Marieklena was charmed by Raki, and told us of other Van cats like him in Albania, for of course these cats came to Albania from Turkey as they did to Greece. She returned to Albania with hubby Freddie last week – a few days break for him to see his children. Freddie came back last night, bringing gifts from the family – Costa’s extended, generous and gracious family – but the most important gift is for Raki. Mariklena made it, and sent it with explicit instructions that it is only for him so that he might sleep on bedding fit for a sultan, which is what we occasionally refer to him as.

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Freddie explained that Mariklena made the pompons* so that he’d have something to play with. I admit I was overcome, and clearly so was Raki for he wasted not a minute climbing on it when I spread it out, and fell instantly asleep.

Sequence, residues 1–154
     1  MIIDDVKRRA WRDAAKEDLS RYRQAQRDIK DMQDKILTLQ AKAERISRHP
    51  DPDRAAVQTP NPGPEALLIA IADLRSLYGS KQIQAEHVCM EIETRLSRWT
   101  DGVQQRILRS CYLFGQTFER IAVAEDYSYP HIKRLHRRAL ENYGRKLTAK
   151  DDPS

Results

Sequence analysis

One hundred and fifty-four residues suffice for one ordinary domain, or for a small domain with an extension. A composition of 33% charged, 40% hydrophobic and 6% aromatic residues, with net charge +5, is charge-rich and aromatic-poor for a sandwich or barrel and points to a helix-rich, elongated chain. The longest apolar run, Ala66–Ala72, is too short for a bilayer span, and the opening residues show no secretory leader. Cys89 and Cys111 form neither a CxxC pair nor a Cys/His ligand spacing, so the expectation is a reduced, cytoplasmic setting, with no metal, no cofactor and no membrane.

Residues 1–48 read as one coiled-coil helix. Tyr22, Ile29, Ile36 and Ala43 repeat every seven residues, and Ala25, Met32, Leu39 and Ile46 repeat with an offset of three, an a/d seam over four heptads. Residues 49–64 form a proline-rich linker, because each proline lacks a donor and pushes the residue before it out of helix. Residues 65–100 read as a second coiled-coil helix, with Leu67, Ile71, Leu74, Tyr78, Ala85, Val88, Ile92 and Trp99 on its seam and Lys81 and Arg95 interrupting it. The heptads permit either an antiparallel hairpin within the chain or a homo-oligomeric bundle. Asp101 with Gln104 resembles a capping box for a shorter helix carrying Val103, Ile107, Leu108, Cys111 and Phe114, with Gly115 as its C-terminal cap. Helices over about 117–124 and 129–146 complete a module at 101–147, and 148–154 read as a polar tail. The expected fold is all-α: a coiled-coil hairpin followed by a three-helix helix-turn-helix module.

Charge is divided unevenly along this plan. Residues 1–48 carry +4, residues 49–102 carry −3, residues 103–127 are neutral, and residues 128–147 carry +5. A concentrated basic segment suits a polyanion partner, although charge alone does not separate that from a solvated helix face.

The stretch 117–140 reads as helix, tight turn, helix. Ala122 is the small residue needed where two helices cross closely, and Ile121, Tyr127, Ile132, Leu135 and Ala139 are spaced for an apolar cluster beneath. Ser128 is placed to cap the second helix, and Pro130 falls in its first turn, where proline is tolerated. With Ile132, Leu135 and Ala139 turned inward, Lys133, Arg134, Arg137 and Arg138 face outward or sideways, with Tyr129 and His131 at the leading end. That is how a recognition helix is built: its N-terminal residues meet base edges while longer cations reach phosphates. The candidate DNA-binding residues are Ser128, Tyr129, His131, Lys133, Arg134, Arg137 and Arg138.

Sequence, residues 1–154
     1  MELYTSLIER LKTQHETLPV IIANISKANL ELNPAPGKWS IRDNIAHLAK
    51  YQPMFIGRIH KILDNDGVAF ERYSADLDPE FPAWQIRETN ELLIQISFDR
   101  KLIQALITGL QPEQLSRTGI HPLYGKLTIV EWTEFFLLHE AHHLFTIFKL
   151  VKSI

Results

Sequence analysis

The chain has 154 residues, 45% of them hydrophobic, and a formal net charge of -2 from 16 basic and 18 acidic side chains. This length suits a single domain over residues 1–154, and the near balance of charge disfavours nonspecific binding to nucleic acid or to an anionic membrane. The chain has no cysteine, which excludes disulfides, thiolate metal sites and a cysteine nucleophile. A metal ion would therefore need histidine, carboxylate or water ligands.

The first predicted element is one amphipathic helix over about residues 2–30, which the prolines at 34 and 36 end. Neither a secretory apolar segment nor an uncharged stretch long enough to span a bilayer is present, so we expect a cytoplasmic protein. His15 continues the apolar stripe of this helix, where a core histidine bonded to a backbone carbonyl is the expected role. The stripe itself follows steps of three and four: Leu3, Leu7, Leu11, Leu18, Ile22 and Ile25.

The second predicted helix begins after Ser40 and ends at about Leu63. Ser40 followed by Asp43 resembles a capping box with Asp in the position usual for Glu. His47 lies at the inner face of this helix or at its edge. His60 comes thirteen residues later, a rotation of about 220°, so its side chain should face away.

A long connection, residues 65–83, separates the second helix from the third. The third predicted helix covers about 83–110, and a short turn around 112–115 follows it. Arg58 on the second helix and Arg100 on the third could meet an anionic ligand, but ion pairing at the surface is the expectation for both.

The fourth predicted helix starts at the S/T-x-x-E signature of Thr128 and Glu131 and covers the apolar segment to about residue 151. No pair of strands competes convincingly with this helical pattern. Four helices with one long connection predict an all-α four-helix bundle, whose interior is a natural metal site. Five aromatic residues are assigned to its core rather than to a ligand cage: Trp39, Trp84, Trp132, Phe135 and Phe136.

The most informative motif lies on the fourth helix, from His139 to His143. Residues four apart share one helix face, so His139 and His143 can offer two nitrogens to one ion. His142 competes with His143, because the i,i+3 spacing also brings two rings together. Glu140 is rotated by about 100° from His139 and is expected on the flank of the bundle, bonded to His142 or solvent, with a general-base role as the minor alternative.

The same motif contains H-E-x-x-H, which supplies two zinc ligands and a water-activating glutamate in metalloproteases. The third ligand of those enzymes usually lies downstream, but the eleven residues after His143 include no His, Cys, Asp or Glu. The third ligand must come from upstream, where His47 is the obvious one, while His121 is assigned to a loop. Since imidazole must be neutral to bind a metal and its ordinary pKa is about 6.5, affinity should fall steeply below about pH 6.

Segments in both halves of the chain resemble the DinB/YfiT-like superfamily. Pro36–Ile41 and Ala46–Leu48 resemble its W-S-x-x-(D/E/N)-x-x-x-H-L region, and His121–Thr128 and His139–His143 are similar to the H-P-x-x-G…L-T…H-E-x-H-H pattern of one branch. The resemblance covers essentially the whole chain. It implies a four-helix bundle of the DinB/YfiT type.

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Immediately

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Three Minutes Later

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As the Day Passed

* Apparently the pompons are created on a wooden device, hand carved for the purpose, which is traditional in Albania.  Mariklena uses a very old one made by an ancestor of Costa’s family. Such an item is new to me and I can’t wait to examine it.

SHRINES

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SHRINE: A place dedicated to a saint or deity; a memorial.